The Last ‘Elder’ Of Terezin

The Last ‘Elder’ Of Terezin

Claude Lanzmann’s portrait of Rabbi Benjamin Murmelstein is more advocacy than his previous Shoah works.

George Robinson covers film and music for The Jewish Week.

A few years ago, it was noted in this space that the heroic age of modernism in film, with its accompanying epic running times, had ended with the 1980s. However, it would appear that two of the world’s greatest documentary filmmakers, Claude Lanzmann and Frederick Wiseman, didn’t get the memo. Their new films, part of this year’s New York Film Festival, which kicks off on Sept. 27, are 218 and 244 minutes long, respectively. While neither Lanzmann’s “The Last of the Unjust” nor Wiseman’s “At Berkeley” are among the directors’ best work, each film has considerable merit, raises deeply troubling issues and rewards the patient and attentive viewer. (See Jewish Week website,, for review of Wiseman’s “At Berkeley.”)

Lanzmann has probably dedicated more on-screen time to the murder of European Jewry by the Nazis than any other filmmaker of note — not merely the 9 ¾ hours of “Shoah,” but several other shorter films as well. But even he couldn’t hope to cover the horrifically vast scope of these events, and one suspects that, even at 87, the journalist and filmmaker regrets his many necessary omissions. That would, in part, explain the extensive length of “Last of the Unjust,” which focuses on Rabbi Benjamin Murmelstein and the Terezin ghetto. As Lanzmann says at the outset, the situation of Terezin was unique, and worth a film of its own, particularly given the availability of Murmelstein for an extended interview. Murmelstein was the last surviving “Elder of the Jews,” the third and final bearer of that title in Terezin, and a figure of some considerable controversy after it was alleged that he had collaborated with his captors.

Given the entirely one-sided nature of the power relationship between the Nazis and the Jewish councils they installed as their apparent puppets, such accusations were inevitable but difficult to prove. Indeed, given the circumstances they faced, the “elders” never really had any remotely positive alternatives, other than suicide, perhaps, for dealing with an enemy whose only real intentions were the humiliation and annihilation of their Jewish captives. Unsurprisingly, Murmelstein was finally acquitted of all charges after 18 months of imprisonment.

I, for one, have never felt entirely comfortable judging the motives or actions of these men. Their situation was uniquely untenable, their options all dreadful and the pressures they faced unimaginable. That would seem to be Lanzmann’s position as well.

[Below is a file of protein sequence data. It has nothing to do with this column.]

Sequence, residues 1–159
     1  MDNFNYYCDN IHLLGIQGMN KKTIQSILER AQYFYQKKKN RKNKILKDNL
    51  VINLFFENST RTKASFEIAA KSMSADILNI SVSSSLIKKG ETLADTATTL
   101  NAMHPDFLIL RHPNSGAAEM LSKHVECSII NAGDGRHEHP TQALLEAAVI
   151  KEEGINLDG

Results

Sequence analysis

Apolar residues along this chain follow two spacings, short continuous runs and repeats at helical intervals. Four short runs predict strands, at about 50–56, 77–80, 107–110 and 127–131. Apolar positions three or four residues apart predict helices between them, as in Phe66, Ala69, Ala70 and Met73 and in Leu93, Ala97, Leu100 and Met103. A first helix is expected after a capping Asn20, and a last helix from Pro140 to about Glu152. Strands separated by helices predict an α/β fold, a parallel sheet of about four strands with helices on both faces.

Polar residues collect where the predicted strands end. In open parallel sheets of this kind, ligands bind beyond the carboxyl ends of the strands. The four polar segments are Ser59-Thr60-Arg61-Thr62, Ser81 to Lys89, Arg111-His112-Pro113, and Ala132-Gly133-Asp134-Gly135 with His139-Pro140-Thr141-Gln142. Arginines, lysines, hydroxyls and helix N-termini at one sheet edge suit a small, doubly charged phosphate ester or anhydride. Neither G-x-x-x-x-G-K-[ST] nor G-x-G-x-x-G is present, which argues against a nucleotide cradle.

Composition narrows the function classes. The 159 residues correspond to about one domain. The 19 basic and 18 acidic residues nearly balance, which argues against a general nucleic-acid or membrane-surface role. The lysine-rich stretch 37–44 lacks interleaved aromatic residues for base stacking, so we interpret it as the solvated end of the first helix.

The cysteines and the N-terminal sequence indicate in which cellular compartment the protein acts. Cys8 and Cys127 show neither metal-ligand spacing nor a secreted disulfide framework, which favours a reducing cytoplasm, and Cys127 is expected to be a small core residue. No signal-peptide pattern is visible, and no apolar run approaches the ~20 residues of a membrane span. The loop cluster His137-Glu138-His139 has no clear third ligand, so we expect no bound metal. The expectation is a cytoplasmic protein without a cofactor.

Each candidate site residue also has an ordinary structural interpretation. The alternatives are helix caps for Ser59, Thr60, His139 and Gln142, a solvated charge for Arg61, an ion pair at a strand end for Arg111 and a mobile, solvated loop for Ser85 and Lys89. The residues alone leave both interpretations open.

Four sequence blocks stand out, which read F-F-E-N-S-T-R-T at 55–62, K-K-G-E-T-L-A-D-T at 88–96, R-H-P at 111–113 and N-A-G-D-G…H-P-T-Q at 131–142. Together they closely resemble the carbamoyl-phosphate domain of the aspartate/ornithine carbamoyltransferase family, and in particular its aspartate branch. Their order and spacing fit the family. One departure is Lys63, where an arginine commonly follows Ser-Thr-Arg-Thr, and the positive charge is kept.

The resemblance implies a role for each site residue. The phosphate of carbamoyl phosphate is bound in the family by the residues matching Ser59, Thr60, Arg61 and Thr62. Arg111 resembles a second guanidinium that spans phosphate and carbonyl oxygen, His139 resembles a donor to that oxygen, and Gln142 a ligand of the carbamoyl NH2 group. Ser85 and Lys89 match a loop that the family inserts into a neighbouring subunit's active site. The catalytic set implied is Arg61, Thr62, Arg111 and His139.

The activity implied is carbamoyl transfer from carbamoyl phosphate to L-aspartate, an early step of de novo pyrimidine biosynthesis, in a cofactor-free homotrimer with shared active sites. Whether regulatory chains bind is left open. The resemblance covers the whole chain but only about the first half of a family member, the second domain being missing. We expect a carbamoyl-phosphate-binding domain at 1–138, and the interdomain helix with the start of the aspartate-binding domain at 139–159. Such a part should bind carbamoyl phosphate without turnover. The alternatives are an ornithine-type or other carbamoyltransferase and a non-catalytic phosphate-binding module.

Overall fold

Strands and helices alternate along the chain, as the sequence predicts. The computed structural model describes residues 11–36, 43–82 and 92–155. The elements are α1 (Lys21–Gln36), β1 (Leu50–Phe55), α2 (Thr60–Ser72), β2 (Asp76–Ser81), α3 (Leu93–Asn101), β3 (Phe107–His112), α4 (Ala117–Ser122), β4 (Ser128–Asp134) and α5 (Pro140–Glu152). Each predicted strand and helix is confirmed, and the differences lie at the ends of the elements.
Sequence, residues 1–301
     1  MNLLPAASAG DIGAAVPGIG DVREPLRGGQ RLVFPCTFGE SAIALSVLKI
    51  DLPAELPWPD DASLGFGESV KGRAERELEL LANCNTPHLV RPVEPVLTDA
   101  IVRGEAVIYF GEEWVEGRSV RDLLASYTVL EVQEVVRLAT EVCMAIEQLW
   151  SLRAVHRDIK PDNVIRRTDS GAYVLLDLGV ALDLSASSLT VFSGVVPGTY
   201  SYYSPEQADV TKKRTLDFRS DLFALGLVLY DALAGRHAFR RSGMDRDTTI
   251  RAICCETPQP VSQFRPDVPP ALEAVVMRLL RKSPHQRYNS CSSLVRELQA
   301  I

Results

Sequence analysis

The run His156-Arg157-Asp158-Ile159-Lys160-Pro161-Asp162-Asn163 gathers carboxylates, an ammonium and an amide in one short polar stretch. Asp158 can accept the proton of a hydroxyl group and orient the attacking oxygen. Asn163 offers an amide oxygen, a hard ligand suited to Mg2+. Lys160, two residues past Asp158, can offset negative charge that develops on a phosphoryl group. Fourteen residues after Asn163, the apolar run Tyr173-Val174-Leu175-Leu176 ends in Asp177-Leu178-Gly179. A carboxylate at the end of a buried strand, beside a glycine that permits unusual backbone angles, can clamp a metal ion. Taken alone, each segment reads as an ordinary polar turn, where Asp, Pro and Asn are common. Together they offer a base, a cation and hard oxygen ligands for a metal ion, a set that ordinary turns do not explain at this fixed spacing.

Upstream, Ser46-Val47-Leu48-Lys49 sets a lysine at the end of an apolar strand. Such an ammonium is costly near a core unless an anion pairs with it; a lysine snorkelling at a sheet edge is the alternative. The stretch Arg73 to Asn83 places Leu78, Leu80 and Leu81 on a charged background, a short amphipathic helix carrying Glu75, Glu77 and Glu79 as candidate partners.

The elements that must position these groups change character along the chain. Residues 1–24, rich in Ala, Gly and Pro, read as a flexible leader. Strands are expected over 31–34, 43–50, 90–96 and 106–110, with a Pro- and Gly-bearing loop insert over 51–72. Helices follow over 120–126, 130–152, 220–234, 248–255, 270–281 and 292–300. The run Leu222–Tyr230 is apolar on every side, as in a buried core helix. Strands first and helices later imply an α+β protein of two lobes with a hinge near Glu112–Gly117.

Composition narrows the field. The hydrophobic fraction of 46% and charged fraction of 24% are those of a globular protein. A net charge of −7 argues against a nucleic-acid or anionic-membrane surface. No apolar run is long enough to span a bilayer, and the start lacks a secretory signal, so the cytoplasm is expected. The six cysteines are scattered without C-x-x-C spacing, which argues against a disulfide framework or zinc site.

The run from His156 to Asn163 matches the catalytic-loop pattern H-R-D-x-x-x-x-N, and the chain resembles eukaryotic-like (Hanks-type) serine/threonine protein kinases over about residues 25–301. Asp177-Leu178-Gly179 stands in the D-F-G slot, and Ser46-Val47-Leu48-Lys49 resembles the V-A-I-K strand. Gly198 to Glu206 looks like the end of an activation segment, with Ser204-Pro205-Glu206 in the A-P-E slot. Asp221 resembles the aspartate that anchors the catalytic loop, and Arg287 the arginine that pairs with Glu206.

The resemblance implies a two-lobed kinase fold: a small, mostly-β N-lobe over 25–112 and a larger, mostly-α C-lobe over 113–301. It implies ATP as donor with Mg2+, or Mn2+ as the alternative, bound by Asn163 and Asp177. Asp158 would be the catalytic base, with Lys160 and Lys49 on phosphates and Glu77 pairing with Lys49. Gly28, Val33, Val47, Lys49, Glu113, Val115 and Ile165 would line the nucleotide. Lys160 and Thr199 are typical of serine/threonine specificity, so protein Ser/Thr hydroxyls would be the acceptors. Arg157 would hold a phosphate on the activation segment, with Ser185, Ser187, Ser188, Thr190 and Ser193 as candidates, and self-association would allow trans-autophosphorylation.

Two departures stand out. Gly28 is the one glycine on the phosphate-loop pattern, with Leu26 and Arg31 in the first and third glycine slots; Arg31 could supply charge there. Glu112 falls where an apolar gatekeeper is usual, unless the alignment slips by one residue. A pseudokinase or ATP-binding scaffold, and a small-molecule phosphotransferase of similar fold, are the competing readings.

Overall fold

But in contrast to “Shoah,” whose immense running time is necessary to accommodate the multiplicity of testimonies and viewpoints expressed, “Unjust” is essentially univocal. The only voices we hear in the film are those of Murmelstein, interviewed by Lanzmann in 1975, and Lanzmann himself reading from Murmelstein’s autobiography, published in 1977. The shorter films that Lanzmann carved out from the footage he shot in the 1970s amounted only to the tip of the iceberg of what he had compiled; they were essentially testimony from witnesses to singular moments in the sorry history of the Shoah, with the filmmaker merely adding facts and figures.

On the other hand, “Unjust” is a piece of advocacy in which Lanzmann either echoes or amplifies the voice of a single witness who is given vastly more screen time than any of the other interview subjects in the previous films. It is also, significantly, the only one of Lanzmann’s films on the Shoah in which he uses, albeit briefly, archival images, including footage from the infamous propaganda film “Hitler Gives the Jews a City.”

Murmelstein is ingratiating, smart and hyper-articulate, as one would expect from a former rabbi known for his politesse and his political savvy. He is witty and self-deprecating. What he never seems to be at any point in the film is emotionally engaged. His light, bantering tone seldom changes. In part this is undoubtedly the result of his having told these stories countless times, whether to prosecutors or journalists. But the cumulative effect is disturbing.

Murmelstein’s predecessors were murdered by the Nazis. His rise to the unenviable position of “elder” came as a direct result of their death, and his was the most unwanted of promotions. But neither those events, nor the murder of his fellow ghetto prisoners, nor even the persecutions he endured after the war seem to have left much of an emotional mark on Murmelstein. And the usually tenacious Lanzmann is dismayingly deferential throughout.

As I have said, it’s hard to judge Murmelstein. Lanzmann is another story altogether. I have been unstinting in my praise of his earlier work and continue to be in awe of “Shoah” in particular. But “Last of the Unjust” feels like a lengthy case of special pleading, as if Lanzmann has bought Murmelstein’s narrative without reservations and, for all the interest engendered by hearing a survivor of Terezin describing the innermost workings of the camp, one feels a bit queasy at the film’s end.

The 51st New York Film Festival opens on Friday, Sept. 27, and runs through Oct. 13. Most films will be screened at Alice Tully Hall (Broadway and 65th St.), others at the Walter Reade Theater or the Elinor Bunin Munroe Film Center (both on 65th St. between Broadway and Amsterdam Ave.). For a complete schedule, go to “Last of the Unjust” will be shown on Sunday, Sept. 29, at 1 p.m. at Alice Tully Hall.

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